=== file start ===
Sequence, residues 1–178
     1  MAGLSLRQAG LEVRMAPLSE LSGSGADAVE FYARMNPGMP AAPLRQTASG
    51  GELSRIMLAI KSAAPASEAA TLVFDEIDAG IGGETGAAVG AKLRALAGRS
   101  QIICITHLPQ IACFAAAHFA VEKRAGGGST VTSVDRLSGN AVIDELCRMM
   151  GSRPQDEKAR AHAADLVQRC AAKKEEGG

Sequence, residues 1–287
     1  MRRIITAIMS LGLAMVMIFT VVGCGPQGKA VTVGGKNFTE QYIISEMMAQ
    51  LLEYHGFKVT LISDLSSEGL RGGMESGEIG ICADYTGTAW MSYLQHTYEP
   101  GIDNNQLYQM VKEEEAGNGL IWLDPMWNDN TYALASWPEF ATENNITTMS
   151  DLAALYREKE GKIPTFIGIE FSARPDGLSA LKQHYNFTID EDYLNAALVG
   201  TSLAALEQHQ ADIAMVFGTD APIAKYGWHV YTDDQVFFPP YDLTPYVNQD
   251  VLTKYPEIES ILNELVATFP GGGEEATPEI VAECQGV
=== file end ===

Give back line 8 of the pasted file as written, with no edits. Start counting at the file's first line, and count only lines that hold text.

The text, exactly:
    51  LLEYHGFKVT LISDLSSEGL RGGMESGEIG ICADYTGTAW MSYLQHTYEP